Another lingering mystery is Curiosity rover detections of a strange, seasonal fluctuation in the amount of methane in Mars' atmosphere. On Earth, methane is produced by bacteria, but the chemical can also be made without life. A more detailed look at Mars' atmosphere might shed light on what is producing the methane and why its concentration could be changing with the Martian seasons.
Gaining a more detailed planet-wide view of Mars is especially useful as NASA prepares to send astronauts there in the 2030s.
"Having another spacecraft with the ability to observe Mars is fantastic, as NASA prepares to send astronauts to the moon, with an eye on the eventual human exploration of Mars," Lori Glaze, director of planetary science at NASA, said in a statement.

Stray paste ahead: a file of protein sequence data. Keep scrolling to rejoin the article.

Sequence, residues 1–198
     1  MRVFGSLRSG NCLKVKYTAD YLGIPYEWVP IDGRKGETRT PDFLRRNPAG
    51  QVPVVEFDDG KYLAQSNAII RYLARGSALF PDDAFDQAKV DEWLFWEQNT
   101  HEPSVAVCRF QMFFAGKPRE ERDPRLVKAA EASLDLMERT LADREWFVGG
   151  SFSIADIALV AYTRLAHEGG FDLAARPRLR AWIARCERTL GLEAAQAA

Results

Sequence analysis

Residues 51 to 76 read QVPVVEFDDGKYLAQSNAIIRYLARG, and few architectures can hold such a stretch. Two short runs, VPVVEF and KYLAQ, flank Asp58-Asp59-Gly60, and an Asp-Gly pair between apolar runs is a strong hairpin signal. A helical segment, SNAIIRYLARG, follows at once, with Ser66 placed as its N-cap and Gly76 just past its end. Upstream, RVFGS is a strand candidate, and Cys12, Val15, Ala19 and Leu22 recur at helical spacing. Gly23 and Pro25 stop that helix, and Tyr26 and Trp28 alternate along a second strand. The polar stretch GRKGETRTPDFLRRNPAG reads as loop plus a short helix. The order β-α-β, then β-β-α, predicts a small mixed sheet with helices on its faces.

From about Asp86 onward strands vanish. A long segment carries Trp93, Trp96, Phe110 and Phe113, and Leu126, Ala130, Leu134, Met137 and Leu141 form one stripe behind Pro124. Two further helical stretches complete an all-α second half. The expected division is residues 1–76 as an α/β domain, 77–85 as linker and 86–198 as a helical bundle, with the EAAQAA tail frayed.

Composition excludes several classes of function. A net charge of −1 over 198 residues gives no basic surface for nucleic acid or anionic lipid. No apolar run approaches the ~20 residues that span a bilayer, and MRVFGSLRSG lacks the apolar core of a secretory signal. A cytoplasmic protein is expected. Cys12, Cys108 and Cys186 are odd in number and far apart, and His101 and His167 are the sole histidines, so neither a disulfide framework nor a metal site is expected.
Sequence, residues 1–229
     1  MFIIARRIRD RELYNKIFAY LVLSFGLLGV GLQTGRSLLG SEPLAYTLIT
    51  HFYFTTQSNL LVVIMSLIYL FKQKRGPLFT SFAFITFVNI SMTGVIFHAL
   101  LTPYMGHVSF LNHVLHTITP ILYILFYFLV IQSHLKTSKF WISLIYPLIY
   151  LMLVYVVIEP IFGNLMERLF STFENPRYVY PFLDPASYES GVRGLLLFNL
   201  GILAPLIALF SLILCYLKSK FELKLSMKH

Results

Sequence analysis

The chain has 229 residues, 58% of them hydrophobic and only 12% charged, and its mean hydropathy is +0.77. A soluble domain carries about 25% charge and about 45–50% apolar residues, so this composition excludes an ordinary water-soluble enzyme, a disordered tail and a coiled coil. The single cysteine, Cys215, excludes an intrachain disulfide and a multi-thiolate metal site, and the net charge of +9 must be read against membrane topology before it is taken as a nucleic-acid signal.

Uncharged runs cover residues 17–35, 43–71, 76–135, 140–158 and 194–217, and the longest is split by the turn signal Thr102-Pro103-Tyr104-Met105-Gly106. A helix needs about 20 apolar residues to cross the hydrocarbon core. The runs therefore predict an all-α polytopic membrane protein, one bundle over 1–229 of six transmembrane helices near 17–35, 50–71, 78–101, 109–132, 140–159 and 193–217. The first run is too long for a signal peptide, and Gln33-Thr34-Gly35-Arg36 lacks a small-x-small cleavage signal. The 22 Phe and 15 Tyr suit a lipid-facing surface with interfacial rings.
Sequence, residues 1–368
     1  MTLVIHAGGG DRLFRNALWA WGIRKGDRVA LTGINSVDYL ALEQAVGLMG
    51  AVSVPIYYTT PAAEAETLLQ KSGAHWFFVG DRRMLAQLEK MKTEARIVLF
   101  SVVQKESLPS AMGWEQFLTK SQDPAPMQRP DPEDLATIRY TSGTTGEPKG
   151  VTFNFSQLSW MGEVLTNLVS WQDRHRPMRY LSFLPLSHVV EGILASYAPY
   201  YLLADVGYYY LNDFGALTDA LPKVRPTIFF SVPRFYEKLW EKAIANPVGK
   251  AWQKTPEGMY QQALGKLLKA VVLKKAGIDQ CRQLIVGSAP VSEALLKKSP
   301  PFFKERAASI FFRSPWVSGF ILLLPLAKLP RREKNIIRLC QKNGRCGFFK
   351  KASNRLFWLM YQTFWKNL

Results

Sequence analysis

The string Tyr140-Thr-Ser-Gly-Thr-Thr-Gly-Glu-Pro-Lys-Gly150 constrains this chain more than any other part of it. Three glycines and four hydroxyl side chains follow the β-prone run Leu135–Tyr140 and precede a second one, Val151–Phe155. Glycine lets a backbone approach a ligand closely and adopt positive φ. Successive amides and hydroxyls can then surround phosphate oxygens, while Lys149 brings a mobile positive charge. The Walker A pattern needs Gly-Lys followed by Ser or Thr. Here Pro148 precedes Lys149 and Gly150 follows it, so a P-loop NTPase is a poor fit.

Our solar system, far and wide
Of course, Webb won't confine its solar system explorations to just planets. The telescope will examine much smaller objects like asteroids and comets, learning more about what they are made of and seeing some in greater detail than ever before. Webb is even ready to target any new comet that scientists might discover, Hammel said, through a program to respond to cosmic surprises that scientists couldn't plan for when telescope time was allocated.
Other projects will target the Kuiper Belt, the icy "graveyard of the solar system." Pluto, its moon Charon and thousands of other objects orbit the sun in this mysterious boundary zone of our solar system. Scientists believe that Kuiper Belt objects are left over from our solar system's beginnings and could help explain how our neighborhood formed.